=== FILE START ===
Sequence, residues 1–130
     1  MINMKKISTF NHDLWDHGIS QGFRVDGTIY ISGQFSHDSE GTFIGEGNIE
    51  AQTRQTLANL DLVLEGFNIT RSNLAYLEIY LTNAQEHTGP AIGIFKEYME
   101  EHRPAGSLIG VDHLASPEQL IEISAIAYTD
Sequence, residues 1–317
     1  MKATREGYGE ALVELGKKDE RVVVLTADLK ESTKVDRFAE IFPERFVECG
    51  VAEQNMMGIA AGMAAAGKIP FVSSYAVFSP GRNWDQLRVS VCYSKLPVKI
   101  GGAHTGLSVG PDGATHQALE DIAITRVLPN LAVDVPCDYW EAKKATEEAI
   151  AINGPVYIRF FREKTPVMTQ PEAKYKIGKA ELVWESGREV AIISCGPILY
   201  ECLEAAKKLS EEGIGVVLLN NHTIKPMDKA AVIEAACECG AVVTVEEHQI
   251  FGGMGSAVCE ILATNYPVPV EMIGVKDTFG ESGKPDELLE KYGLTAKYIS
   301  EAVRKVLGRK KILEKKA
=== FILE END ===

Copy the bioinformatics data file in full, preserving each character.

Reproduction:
Sequence, residues 1–130
     1  MINMKKISTF NHDLWDHGIS QGFRVDGTIY ISGQFSHDSE GTFIGEGNIE
    51  AQTRQTLANL DLVLEGFNIT RSNLAYLEIY LTNAQEHTGP AIGIFKEYME
   101  EHRPAGSLIG VDHLASPEQL IEISAIAYTD
Sequence, residues 1–317
     1  MKATREGYGE ALVELGKKDE RVVVLTADLK ESTKVDRFAE IFPERFVECG
    51  VAEQNMMGIA AGMAAAGKIP FVSSYAVFSP GRNWDQLRVS VCYSKLPVKI
   101  GGAHTGLSVG PDGATHQALE DIAITRVLPN LAVDVPCDYW EAKKATEEAI
   151  AINGPVYIRF FREKTPVMTQ PEAKYKIGKA ELVWESGREV AIISCGPILY
   201  ECLEAAKKLS EEGIGVVLLN NHTIKPMDKA AVIEAACECG AVVTVEEHQI
   251  FGGMGSAVCE ILATNYPVPV EMIGVKDTFG ESGKPDELLE KYGLTAKYIS
   301  EAVRKVLGRK KILEKKA